# Operational Optimization of Ideal Internal Thermally Coupled Distillation Columns.

код для вставкиСкачатьDev. Chem Eng. Mineral Process., 9(lR).pp.133-142. 2001. Operational Optimization of Ideal Internal Thermally Coupled Distillation Columns Xing-Gao Liu* and Ji-Xin Qian National Laboratoiy of Industrial Control Technology, Institute of IndustriaI Process Control, Zhejiang University, Hangzhou 310027, RR.China Lack of the optimal operation parameters in operation is one of major diflculties associated with the we of advanced mew saving distillation methods. In this paper, the operational optimization of the ideal Internal Thermally Coupled Distillation Column (ITCDICJ is considered. An optimization model and the related simulation algorithm are proposed, An optimization and the related result analysis are cam'ed out, which pave the way forfirrther design studies and its practical application. Introduction Distillation consumes a Iarge percentage of the energy used in the chemical process industries. Consequently, there is a significant incentive to improve the energy efficiency of this widely applied separation process. Thee are various methods of reducing external energy q u t s by the effective use of heat energy in the distillation system [I-31,such as multi-effect columns, side cooler-side heater, heat pumps and secondary reflux and vaporization (SRV). Energy recovery by heat transfer from the rectifying section to the stripping section is an effective method for energy savings in distillation columns. This method, first proposed by Mah et al. [4], is called SRV method. Since thea, there are extensive studies of SRV [5-61. ITCDIC is a distillation column where energy savings are realized by SRV method, which has neither a reboiler nor a condenser and possesses large potential of energy reduction [7-91. However, one of the major difficulties associated with the use of such advanced energy saving columns is a lack of operational optimization in operation [IO], i.e., how to get the optimal operation parameters. This paper will address the operational optimization of ideal ITCDIC. First,an optimizationmodel of ideal ITCDIC is proposed, upon which the optimal operation parameters can be archived simultaneously guaranteeing both the product quality and the maximumenergy savings. A related simulation algorithm is presented The simulation and the result analysis of the steady state are carried out. Finally, the optimization and the optimization analysis are canied out. From our current knowledge, no one has worked in this area. Optimization Model Figure 1 shows the schematic diagram of the ideal ITCDIC.The rectifjmg section ~~ * Author for correspondence (e-mail: liuxinggao@263.net). Current Address: Institute of Process Control Engineering, Department of Automation, Tsinghua University, Beijing 1OOO84, l? R China. 133 X.-C. Liu and J.-X. Qian and the stripping section are separated into two columns. The manipulation of internal thermal coupling is accomplished through heat exchanger between the two sections. In order to provide the necessary temperature driving force for the heat transferred from the rectieing section to the stripping section, the former must be operated at a higher pressure than the latter. To adjust the pressure, a compressor and a throttling valve are installed between the two sections. Because of the internal t h e m 1 coupling, a certain amount of heat is transferred from the rectifying section to the stripping section and brings the downward reflux flow for the former and the upward vapor flow for the latter. As a result, a condenser and a reboiler are not required and energy savings are realized. Figure 1. Schematic diagram of ITCDIC. The optimization model of the ideal ITCDIC is derived by applying energy, component, and overall material balances, and vapor-liquid equilibrium under the following assumptions: (1) Negligible vapor holdups, liquid molar holdups on each tray being constant; (2) Perfect liquid and vapor mixing on each tray, the temperature and the composition on each iray being unifonq (3) Vapor-liquid equilibrium for streams leaving each tray; (4) Instantaneous heat transfer from the rectifying section to the stripping section and the transportation of liquid and vapor between trays; ( 5 ) Negligible pressure drop in each column; (6) Negligible hydraulic delay occuniug in the liquid flows; (7) Heat loss and heat capacity change of the separation process being negligible; (8) No time delay in column pressure changes and feed thermal condition; (9) Equal and constant latent heat of each component; (1O)The relative volatility is constant; (11)No vapor and liquid side-stream withdraw. For a separation process, the minimum amount of thermodynamic energy required to make a complete separation is given by the following equation: W,, = F (AH-TAS) For an ideal mixture, equation (1) can be expressed as: 134 (1) Ideal Internal Thermally Coupled Distillation Columns [X,,, (2) Wm,n is a thermodynamic term that is independent of any particular process. Actual processes operate with finite driving forces, whch are irreversible and consume more energy than the thermodynamic minimum. For conventional distillation columns (CDIC), minimum energy required for the separation process (Q,,,ln,con) is the minimumreboiler energy requirement. With the use of the McCabe-Thiele diagram, Qm,,,con for a binary mixture can be shown to be a function of the heat of vaporization of the bottom product, relative volatility, and feed composition. For complete separation, when feed thermal condition q=l, there is: Wmin = FRTqXfi Ua-1) 5 1 (3) The maximum thermodynamic efficiency (Em) is defined as the minimm thermodynamic energy ( W,,,,,) divided by minimum energy required for a separation process (Q,,,J,so for conventional distillation: Qmmcon = Fmb,v [ Em,con= Wmid Qmm.con = RT4xfi lflfi)/{ m b . v [ ll(a-1) (4) 51 } For the ideal ITCDIC, the energy required for the separation process (Qlcd)is composed of the heat for preheating feed and the work of compressor ( Wcmp),that is Qtcd = F(1-q)mjv + K o m p (5) We choose the compressor work as: wcomp = v/K/((K-~)RT,((P~/P,)(~-*~~ -1) (6) For gas mixture, 1/(K-1 ) = 4YJ(Kl- 1 ) ) (7) So we achieve thermodynamic efficiency of fully ideal ITCDIC (Et&): Etcd = wmd Qtcd = FR T 4 x , 1X,M F( 1 q)mjv+ Wcomp (8) 1 which has a profound impact on the overall cost of the separation process. Comparing with the the maximum thermodynamic efficiency of conventional distillation thermodynamic efficiency of ideal ITCDIC (Etc& we can know the energy saving effect of the ideal ITCDIC directly. The percentage of thennodynamic efficiency enhancement of the ideal ITCDIC (XJis defined as follows: x e = (Etcd - ~ m , c o n/)E m , c o n (9) For conventional distillation, energy required for the separation process under the minimumreflux ratio (Rmm)operation (Qmm,cm) can be calculated by: Qnnmcon = F ( 1 - q ) m j v +[ ( ~ r n i n + ~ ) ~ - ~ ( ~ - ~ ) I ~ b , v (10) where D is the top distillation product flow rate. The percentage of energy savings of the ideal ITCDIC is defined as follows: 135 X.-G. Liu and J.-X. Qian x,= (Qnnin.con-Qted) (11) 1Qnninxon which shows the energy saving effect directly. When the stages are numbered with the top as the stage 1 and the bottom as the stage n, the basic equations o f the ideal ITCDIC are presented as follows: Thermal coupling [4,7,9]: Qj = UA(I;-Tj+/.l) I;. = b/( a-LnPvi j=1,. ..,f- 1 )-c Mass balances: j=l,. ..,f-1 j=l,. ..,f-2 k=l Ln = F-Vl Vl = F( 1-4) 4*]= V1+Lj J=1,. ..,f-1 j=l,. ..,f-2 k=l Vapor-Liquid equilibrium relationships: I;= d j / [ ( a - l v j + l ] Component balances: Equations (1)-(25)consist of the dynamic mathematical model o f an ideal ITCDIC. For steady state studies, let: &/dt = 0 (26) the dynamic model then becomes steady state model. The mathematical models above including the dynamic and the steady state models provide an efficient tool for operation studes, and can be used for further control, design and optimization studies. We select X, as the objective function. For Merent product qualities, such as top 136 Ideal Internal Thermally Coupled Distillation Columns product composition Y l 2 96%, bottom product composition Xnl5% or Ylr 98%, Xn14%, there should be Merent optimizing results of energy savings. So a constraint should be set on product qualities, such as top product composition Y1296%, bottom product compositionXn15%. For total separation effect, we have: FZy 2 V IYI (27) The equality constraints are equations (1)+26). The optimization goal is to find the optimal operating parameters Pr and q so that the energy saving is maximum compared with the energy required of CDIC under the minimum reflux ratio and the product qualities are guaranteed simultaneously. The energy saving optimization model of the ideal ITCDIC is derived as following: ITCDIC min. f (Pr,(I)= -X, (MOPT1) Eqs. (1-26) Product quality constraints (such as: Y,298%, Xn s 4%) V,YyFZ’SO 0.1013MPa S Pr 5 1.013MPa ~.t. O l q l l OlX*Il o q < 1 It is a nonlinear programming (Np) constrained optimization problem. The optimization program is programmed using the “Matlab Language”. The optimization a l g o r i h used is the Sequential Quadratic Programming (SQP)method. Simulation and Analysis In following simulation and optimization,a 30-stage ideal ITCDIC is considered as an ihstrative example, where a binary mixhue of benzene-toluene is separated. Its detailed operation conditions are shown in Table 1. Table I . Given operating conditionsfor the simulation. Stage number Feed stage Feed flow rate Feed composition (Benzene) (Toluene) Feed thermal condition Pressure of rectifying section Pressure of stripping section Heat transfer rate Latent heat of vaporization Relative volatility 30 16 100 Ian0l.K’ 0.5 0.5 0-1 0.1013-1 .O 13MPa 0.1013MPa 9803 W K ’ 30001.1 kJ.kmor’ 2.317 137 X.-G. L ~ and u J.-X. Qian The adiabatic index number ( K ) calculation uses the heat capacity equation of an ideal gas. The physical data used in simulation are listed in Table 2. Table 2. Physical data used in the simulation. Antoine constants: a b C Benzene Toluene 15.9008 2788.51 -52.36 16.0137 3096.52 -53.67 Ideal gas heat capacity equation parameters: A -8.101 B 1.1 33E-1 C -7.206E-5 D 1.703E-8 -5.817 1.224E-1 -6.605E-5 1.173E-8 The simulation programs are programmed using "Matlab Language". The steady state simulation procedure is illustrated as follows: 1. give operation condition and physical data : N J l?f i Ps. ZJ q, UA; a, b, c; A, B, C,D ; 2. give termination criteria (E) that is a measure of the worst case precision required of the independent variables; 3. give initial values ofX,(k). 4. calculate I;@), T&), P,~(k).Qj(k), LjF)?Q(k) from Eqs. (lW21); from Eqs. (22)-(26); 5. calculate 4(k+l) 6. when /q(k+I)-q(k) /<E, go to step (7); if not,q(k+I)+(k,), and go to step 4; 7. calculate Qmin.con , Q r C d , X, from Eqs. (5)47), (9)4 11); 8. calculate E,cd X,from Eqs. ( 1 ) ( 4 ) , (8)-(9). We choose PI and q as manipulated variables to inspect the system and its energy savings. Some simulation results are shown in Table 3.For conventional distillation, the maximum thermodynamic efficiency of the Benzene-Toluene system is 5.1 1%. But for the ideal ITCDIC, inTable4 the minimum thermodynamic efficiency is Table 3. Simulation results of the Benzene-Toluene system. N o 1 2 3 4 5 6 7 8 9 Manipulating Parameters 4 0.25 0.25 0.25 0.5 0.5 0.5 0.75 0.75 0.75 pr E-.cm 4.c~ Xe 0.1519 0.2532 0.3545 0.1519 0.2532 0.3545 0.1519 0.2532 0.3545 0.6373/0.0880 0.6666/0.0003 0.6667/0.oooO 0.770810.2292 0.9384/0.0616 0.9887/0.0113 0.909U0.3636 0.999710.3334 1.0000/0.3333 0.0511 0.0511 0.051 1 0.051 1 0.051I 0.05 11 0.0511 0.0511 0.0511 0.0813 0.0736 0.0692 0.1173 0.1019 0.0936 0.2103 0.1656 0.1447 59.26 44.19 35.48 129.69 99.60 83.29 311.79 224.17 183.23 Pr is m a ; Q is kWx106 138 System Characteristic Performance Parameters Product quality Yllxn 9% Qrnin.m. 4.9122 4.9122 4.9122 4.4928 4.4928 4.4928 4.1562 4.1562 4.1562 Qtcd 2.6042 2.8764 3.0613 1.8057 2.0779 2.2628 1.0072 1.2794 1.4643 Xs ,% 46.99 41.44 37.68 59.81 53.75 49.64 75.71 69.22 64.77 Ideal Internal Thermally Coupled Distillation Columns Table 4. Optimization results of the Benzene-Toluene system. Product quality constrains Y,2 XnS Achieved optimal operation Pc MPa parameters 9 System characteristics under Yl optimal operation parameters Xn Qmin.con. l 0 k W 1 0 % ~ elc,+ Maximum energy savings X,, % 96% 5% 0.2826 0.5111 0.9705 0.0500 4.3933 2.0803 52.65 98% 4% 0.3006 0.5107 0.9800 0.0400 4.4768 2.1375 52.25 6.92%, enhancing 35.48%, and the related energy saving percentage is 37.68%; the maximum thermodynamic efficiency is 2 1.03%, enhancing 3 11.79%, and the related energy saving percentage is 75.77%. Obviously, the ideal ITCDIC can save more energy than conventional distillation, and the effect of energy savings is marked. When the feed thermal condhon, q, is 0.25, 0.5, 0.75 and pressure of rectifying section, Pr, is 0.15 19MPa, 0.2532MPa, 0.3545MPaYrespectively, the product qualities change from 63.73% to 100.00% for Yl, and from 0.00% to 36.36% for Xn. The performance parameter ElCdchanges from 6.92% to 2 1.03%; X, changes from 35.48% to 311.79%; and X, changes from 37.68% to 75.77%. It shows that there are very complicated relations and very large changes among energy saving, X,,manipulation parameters, h,q, and product quality, Xn, Y,. Hence, there should be an optimization between operation parameters and system characteristics. Optimization Result and Discussion The optimization results of operation variables of the ideal ITCDIC are shown in Table 4. For the Benzene-Toluene system, when top product composition Y, 2 98%, bottom product composition Xn I4%, the optimal operation variables and the maximum energy savings are achieved. The rectifying section pressure Pr, 0.3006MPa, the feed thermal condition q, 0.5107, the other operation conditions are the same as in Table 2. Under the above operation conditions, the percentage of energy savings of ideal ITCDIC is 52.25%. Table 5 lists other study results. Comparing the results of Table 5 with those of Table 4, it is seen that the ideal ITCDIC method saves more energy. Energy recovery by heat transfer from the Table 5. Results of other studies. Author Energy savings Studied system ethyl benzene/ dimethyl benzene non-ideal mixtureof Li [12], 1995 33.14% ethanol, ether etc. ethylend ethane etc. Mah [4], 1977 54%* Finn 1131, 1993 16% i-butand n-butane *Indicate relative steam consumption Yang [ I l l , 1990 50% Column construction Compared with petlyuk actual CDlC petlyuk actual CDlC SRV. actual CDlC direct sequence rectifier side rectifier 139 X.-G.Liu and J. -X.Qian rectifying section to the stripping section is an effective method for energy savings in distillation columns. Figure 2 shows the operating line contrast figure of the ideal ITCDIC under one of the optimal operating conditions, Pr, 0.2826MPa and q, 0.5111. For a conventional distillation column under the minimum operating reflux ratio, product quality requirements are the same as those of the ideal ITCDIC. Other parameters are the same as those in Table 1. 0 02 04 0.6 lqud mnpostmnX 08 Figure 2. Operating line contrast figure, P ~ 0 . 2 8 2 6q=O.5111. , Owing to the internal thermal coupllng between the rectifying and stripping sections where the operating line is very close to the equilibrium line. Especially, near the top and the bottom stage number, the driving forces of mass and heat transfer of ITCDIC have been significantly reduced compared with the conventional distillation columns (even under minimum reflux operation). Hence the process irreversibilityhas been sigmfkantly reduced. From the viewpoint of thermodynamics, large energy losses for the separation process usually occur due to the irreversibility of processes. The result is that either fewer stages are needed to accomplish the same separation, or better separation effect is obtained with the same number of stages at the same energy consumption, and energy savings occur in the ideal ITCDIC process. Conclusions This paper gives an effective method to obtain the optimal operation parameters of the ' ideal ITCDIC. The illustrative example shows its validity. For other systems, such as non-ideal mixture separation, the optimization model can be also applied, the only thing needed is to change the given conditions, physical data and vapor-liquid equilibrium relationships. Based on the study in h s paper, we have developed the relative s o h a r e "ENORM", which is very useful for future research on ITCDIC and its practical application. Further investigation is underway to study the control and design of ITCDIC. I40 Ideal Internal Thermally Coupled Distillation Columns Acknowledgment The authors thank the National Environmental Protect Bureau of P. R. China (HuanKe-Ke, 1997, No. 006, Project 14) for financial support. Nomenclature Thermodynamic efficiency Percent energy saving Percent thermodynamic efficiency enhancement x e Feed F Stage holdups H Adiabatic index number of gas K Liquid flow rate L Number of total stages n Vapor saturation pressure Atp Pressure of rectifying sectiona pr Pressure of stripping section Ps Representation of either Pr or Ps P Feed thermal condition 4 Energy require Q General gas constant R Minimum reflux ratio Rmin Time t Absolute temperature T Heat transfer rate UA Vapor flow rate V Thermodynamic work W Mole fraction of liquid X Mole fraction of vapor Y Mole fiaction of feed 5 Change in enthalpy and entropy AH,ds Relative volatility a latent heat. A E 4 (kJ/lanol) Subscripts b Bottom comp Compressor con Conventional distillation column f Feed stage 1 Component j Stage number maX Maximum amount min Minimum amount rmin Minimumrefluxratio tcd The ideal ITCDIC V Vaporization I41 X.-G. Liu and J.-X. Qian References Lang, L. 1996. Dynamic Behavior and Operational Aspects of Heat-Integrated Distillation Processes. Chem. Eng. Tech., 19,498-497. 2. Umeda, T., Niida, K., and Shiroko, K. 1979. A Thermodynamic Approach to Heat Integration in Distillation Systems. AlChE J., 25(3), 423-429. 3. Linnhoff, B. 1993. Pinch Analysis - A State of the Art Review. Trans. IChemE., 71A, 503-51 1. 4. Mah, R.S.H.,Nicholas, J.J., and Wodnik, RB. 1977. Distillation with Secondary Reflux and Vaporization: A Comparative Evaluation. AlChE J., 23(5), 651-658. 5. Shimizu, K., Holt, B.R., et al. 1985. Assessment of Control Structures for Binary Distillation Columns with Secondary Reflux and Vaporization. Ind. Eng. Chem. Pro. Des.Dev., 24,852-858. 6. Fitmwrris, RE., and Mah, R.S.H. 1980. Improving Distillation Columns Design Using ThermodynamicAvailability Analysis. AIChE J., 26(2), 265-273. 7. Humg, K.J., Qian, Ji-Xin, et al. 1997. Steady-state operation analysis of an ideal heat integrated distillation column. Chinese J. Chem. Eng., 5(4), 325-336. 8. Lueprasitsakul, V., Hasebe, S., et al. 1990. Analyses of the characteristics of a binary packed distillation column with internal heat integration. J. Chem. Eng. Japan, 23(6), 686-691. 9. Lestak, F., Smith, R., and Dhole, V.R 1994. Heat Transfer Across the Wall of Dividing Wall Columns. Trans.IChemE., 72(A9), 639-644. 10. Glinos, K., and Malone, M.F. 1988. Optimality regions for complex column alternatives in distillation systems. Chem. h g . R ~ s D~s., . 66,229-240. 11. Yang, Y. Q. 1990. Simulation Study of Operational Performance of Thermally Coupled Distillation. J. Chern. Ind Eng. (Chinese), 41(4), 491-497. 12. Li, F. H.,Fan, X. S., and Yao,P. J. 1995. Study on the Feasibility of Employing Thermally Coupled Distillation Tower to Save Energy. Shi You Hua Gong (Chinese), 24(1 I), 783-798. 13. Finn, A.J. 1993. Consider Thermally Coupled Distillation. Chem. Eng. Pro., Oct., 41-45 1. Received: 28 October 1999; Accepted afier revision: 24 May 2000. I42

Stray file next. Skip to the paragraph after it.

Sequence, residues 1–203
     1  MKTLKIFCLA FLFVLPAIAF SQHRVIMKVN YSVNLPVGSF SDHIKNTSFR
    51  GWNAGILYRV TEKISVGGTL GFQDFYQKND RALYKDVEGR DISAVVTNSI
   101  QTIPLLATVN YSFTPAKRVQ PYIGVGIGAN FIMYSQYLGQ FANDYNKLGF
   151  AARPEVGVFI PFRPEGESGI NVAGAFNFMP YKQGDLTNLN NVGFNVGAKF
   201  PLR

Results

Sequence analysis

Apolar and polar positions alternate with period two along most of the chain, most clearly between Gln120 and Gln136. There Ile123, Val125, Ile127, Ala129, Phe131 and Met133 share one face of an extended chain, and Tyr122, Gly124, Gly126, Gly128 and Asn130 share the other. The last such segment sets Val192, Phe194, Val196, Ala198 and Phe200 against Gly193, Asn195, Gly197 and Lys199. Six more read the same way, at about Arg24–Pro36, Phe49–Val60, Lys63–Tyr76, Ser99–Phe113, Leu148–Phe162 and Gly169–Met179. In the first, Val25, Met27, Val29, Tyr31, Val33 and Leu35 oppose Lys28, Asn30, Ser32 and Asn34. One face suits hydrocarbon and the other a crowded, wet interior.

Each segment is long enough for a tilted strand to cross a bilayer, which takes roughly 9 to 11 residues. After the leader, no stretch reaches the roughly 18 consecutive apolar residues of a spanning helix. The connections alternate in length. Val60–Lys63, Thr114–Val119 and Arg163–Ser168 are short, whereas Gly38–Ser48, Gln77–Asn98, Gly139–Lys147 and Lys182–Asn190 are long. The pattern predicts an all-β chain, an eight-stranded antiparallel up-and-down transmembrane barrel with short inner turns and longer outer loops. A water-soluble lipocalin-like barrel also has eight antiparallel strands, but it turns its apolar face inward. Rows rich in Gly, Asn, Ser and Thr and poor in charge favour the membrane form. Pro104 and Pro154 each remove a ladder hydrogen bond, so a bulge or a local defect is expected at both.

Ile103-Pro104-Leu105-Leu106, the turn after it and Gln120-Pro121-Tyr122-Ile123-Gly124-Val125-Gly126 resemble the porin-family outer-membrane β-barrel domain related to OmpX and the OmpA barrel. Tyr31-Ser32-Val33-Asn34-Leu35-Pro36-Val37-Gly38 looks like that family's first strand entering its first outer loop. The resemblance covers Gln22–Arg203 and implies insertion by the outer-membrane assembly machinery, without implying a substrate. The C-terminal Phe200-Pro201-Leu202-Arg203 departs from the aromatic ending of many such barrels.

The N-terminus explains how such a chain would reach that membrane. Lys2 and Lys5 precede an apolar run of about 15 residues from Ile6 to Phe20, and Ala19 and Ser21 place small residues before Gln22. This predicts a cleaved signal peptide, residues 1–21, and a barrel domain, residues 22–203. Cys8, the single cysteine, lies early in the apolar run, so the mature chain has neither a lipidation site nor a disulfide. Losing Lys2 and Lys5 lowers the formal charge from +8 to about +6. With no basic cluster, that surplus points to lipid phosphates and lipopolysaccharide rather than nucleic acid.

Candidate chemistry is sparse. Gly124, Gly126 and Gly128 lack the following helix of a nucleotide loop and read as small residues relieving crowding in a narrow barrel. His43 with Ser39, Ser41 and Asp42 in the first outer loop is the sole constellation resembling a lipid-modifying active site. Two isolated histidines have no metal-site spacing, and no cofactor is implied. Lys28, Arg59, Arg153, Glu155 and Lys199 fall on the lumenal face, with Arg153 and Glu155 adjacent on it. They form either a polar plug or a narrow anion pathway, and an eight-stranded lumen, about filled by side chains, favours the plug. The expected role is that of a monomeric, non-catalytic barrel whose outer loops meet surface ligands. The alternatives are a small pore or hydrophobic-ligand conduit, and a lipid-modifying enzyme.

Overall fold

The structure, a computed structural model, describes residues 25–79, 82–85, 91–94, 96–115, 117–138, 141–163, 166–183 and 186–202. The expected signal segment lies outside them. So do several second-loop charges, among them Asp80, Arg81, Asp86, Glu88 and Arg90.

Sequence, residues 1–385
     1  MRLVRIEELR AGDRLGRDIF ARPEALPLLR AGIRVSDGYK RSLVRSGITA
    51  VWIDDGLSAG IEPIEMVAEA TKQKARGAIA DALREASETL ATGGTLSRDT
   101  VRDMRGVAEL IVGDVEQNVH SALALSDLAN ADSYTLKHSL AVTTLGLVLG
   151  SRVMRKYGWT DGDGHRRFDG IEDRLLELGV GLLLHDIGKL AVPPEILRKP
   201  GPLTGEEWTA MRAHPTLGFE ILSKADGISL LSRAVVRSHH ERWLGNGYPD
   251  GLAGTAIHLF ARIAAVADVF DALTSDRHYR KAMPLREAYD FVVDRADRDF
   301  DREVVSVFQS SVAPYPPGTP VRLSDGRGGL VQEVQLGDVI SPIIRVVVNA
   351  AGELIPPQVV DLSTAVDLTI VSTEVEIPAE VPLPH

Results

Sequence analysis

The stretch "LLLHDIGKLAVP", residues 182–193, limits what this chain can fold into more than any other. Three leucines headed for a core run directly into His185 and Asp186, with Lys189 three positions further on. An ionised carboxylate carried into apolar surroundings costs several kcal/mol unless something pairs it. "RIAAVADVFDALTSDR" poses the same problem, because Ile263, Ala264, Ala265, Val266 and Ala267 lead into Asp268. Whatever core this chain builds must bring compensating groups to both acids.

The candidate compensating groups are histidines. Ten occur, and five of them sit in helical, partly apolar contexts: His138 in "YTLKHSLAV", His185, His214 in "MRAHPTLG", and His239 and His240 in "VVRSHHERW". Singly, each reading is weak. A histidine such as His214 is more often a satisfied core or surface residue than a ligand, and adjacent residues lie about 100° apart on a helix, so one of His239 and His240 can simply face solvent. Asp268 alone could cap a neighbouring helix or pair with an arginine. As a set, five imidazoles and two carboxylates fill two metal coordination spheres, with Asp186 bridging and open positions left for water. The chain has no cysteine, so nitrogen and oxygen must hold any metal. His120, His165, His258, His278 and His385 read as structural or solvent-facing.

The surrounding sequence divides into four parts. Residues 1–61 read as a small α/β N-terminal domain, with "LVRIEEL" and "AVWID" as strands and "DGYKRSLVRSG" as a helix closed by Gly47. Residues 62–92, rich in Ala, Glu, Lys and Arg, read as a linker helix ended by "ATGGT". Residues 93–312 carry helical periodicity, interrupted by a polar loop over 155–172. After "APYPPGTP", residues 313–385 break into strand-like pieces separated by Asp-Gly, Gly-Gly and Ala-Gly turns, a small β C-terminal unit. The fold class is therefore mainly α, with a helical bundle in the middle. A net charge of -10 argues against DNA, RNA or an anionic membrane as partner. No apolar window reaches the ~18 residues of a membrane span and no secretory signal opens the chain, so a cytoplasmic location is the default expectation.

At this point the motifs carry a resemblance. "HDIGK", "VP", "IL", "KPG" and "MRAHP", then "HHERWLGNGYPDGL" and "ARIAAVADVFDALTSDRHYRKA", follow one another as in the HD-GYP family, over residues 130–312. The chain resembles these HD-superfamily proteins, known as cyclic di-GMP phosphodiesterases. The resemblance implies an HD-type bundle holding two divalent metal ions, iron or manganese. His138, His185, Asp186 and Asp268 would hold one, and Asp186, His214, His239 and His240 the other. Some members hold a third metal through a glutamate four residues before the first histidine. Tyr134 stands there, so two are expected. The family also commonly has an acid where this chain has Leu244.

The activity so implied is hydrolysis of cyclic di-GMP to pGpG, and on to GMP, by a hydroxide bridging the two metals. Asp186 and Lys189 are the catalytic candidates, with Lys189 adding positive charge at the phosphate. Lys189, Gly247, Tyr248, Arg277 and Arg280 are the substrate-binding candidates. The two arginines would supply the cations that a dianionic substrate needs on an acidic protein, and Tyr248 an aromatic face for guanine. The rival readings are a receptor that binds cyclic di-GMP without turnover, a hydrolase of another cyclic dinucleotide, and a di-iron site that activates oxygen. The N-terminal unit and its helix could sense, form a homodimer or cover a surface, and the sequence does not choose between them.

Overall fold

1/--страниц